Two rivaling families live on opposite sides of a river. One of them practices Shaolin kung fu and has only sons, while the other has only daughters and practices the Wu-Tang sword. The ... See full summary »
Two rivaling families live on opposite sides of a river. One of them practices Shaolin kung fu and has only sons, while the other has only daughters and practices the Wu-Tang sword. The father of the Wu-Tang family is so paranoid about the Shaolin kids stealing his sword style (besides, he wants a son to teach it to, and the closest thing he has is a lesbian daughter) that he is taken off guard when some real bad guys come along to kill his family, but the Shaolin family helps them out. All the while, everyone is desperately trying to get the lesbian girl to marry Jet Li. Written by
This was Jet Li's second movie and was once again a Mainland Chinese production. The tone is on the opposite end of Shaolin Temple's: light-hearted and fun. The movie tells the story of two families on different sides of a river: Yu Hai's family of Shaolin martial arts'trained boys(one of whom is Jet Li) and another guy's family of Wudang (Wu Tang) swordsmanship-trained girls. There's been a rivalry between the families and that's interfering with the wedding between various members of the families who love each other. Also, there are some vicious bandits who want revenge after Yu Hai rescued the boys and injured their leader.
The cast is made up of authentic wushu stylists, and it shows. Everyone knows how to fight in this movie. The little girls, the little boys, the men, the women, the thieves, etc. Therefore, all the action is pure, authentic Chinese martial arts (pole, sword, 3-sectional staff, etc). The choreography is a lot different than people today are used to. However, if you like your fighting w/o extensive use of wire and special FX, this is definitely worth checking out. My only gripe is that Jet Li has to compete with the rest of the cast in showing off his skills.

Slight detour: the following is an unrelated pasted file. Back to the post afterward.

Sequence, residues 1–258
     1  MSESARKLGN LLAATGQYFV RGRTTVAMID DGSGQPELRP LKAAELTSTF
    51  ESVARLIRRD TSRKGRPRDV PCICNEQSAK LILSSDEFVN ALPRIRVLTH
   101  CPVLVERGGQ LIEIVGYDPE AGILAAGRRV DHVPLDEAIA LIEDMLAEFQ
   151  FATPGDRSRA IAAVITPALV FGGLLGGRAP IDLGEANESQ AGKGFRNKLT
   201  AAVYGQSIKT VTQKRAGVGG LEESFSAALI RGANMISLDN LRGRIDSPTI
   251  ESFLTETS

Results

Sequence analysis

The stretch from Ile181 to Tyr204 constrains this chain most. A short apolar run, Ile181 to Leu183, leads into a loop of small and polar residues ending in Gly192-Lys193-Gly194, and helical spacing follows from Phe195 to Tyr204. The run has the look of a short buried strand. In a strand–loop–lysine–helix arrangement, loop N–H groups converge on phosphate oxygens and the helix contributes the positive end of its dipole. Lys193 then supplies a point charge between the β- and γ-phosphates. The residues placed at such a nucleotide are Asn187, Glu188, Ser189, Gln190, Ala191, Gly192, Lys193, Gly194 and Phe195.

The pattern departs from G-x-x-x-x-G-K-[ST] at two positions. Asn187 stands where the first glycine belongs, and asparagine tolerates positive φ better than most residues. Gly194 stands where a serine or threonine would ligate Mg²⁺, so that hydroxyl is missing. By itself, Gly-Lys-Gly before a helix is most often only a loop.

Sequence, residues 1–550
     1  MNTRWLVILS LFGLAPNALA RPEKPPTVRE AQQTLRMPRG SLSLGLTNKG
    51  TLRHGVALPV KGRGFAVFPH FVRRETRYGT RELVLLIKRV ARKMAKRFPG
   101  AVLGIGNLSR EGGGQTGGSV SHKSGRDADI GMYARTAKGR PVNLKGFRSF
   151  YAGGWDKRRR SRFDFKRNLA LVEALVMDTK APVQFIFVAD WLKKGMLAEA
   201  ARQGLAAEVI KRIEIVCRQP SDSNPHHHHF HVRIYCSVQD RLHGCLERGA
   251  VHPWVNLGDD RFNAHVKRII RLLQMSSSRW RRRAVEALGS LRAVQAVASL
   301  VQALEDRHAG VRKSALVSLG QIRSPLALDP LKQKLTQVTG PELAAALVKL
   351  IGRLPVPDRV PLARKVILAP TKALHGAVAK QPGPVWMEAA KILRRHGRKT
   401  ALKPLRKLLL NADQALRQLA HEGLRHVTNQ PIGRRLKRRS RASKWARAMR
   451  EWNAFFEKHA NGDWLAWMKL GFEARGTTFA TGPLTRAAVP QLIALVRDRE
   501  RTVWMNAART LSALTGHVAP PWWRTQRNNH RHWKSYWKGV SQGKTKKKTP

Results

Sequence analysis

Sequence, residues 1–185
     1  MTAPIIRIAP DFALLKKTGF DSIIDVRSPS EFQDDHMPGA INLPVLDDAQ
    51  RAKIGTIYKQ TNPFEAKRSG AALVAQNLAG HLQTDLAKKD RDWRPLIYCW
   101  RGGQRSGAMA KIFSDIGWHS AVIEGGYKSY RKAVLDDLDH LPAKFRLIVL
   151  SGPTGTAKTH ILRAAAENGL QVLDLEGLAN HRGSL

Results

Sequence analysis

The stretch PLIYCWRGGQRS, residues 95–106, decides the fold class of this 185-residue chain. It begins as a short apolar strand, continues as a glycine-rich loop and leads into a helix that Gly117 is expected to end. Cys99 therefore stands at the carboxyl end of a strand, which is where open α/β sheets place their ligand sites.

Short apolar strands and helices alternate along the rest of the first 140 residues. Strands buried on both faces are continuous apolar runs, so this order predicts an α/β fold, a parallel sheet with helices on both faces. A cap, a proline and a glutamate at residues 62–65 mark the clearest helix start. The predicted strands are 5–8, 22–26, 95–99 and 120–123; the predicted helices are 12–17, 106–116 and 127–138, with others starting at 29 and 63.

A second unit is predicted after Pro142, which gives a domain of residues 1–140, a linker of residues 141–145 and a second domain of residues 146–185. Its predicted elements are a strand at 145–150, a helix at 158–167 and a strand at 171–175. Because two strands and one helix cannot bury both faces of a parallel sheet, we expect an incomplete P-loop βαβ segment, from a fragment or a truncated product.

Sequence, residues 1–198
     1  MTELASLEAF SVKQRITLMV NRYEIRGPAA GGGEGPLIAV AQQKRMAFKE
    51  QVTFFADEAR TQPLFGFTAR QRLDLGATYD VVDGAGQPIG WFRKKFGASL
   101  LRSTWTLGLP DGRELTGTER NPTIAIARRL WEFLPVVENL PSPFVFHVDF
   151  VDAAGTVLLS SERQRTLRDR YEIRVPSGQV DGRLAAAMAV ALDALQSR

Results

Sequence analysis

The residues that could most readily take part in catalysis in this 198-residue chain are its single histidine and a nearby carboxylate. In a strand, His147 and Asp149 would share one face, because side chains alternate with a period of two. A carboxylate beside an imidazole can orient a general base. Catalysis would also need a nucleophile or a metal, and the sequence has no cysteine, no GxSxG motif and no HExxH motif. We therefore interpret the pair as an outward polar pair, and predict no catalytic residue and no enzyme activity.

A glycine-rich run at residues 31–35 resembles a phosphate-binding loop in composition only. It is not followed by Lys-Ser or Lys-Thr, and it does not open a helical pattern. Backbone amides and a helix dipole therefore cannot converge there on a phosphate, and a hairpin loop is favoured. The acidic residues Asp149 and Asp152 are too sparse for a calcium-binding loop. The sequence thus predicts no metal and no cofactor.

The main flaw of this film is that although everyone in the cast are martial artists, the ensemble casting and numerous sub-plots take away from character development and not every subplot gets to be developed. The story jumps from one character's story to the next, and therefore not everyone gets to be fully developed.
I must say that the story and the children made the film more endearing. Jet Li is probably at his most likable (he's up there with his performance in Fong Sai Yuk). The little children are pretty enjoyable little scamps, just don't go into the film expecting a dead-serious martial arts movie. It's light-hearted and fancy free.
3 of 3 people found this review helpful.
Was this review helpful to you?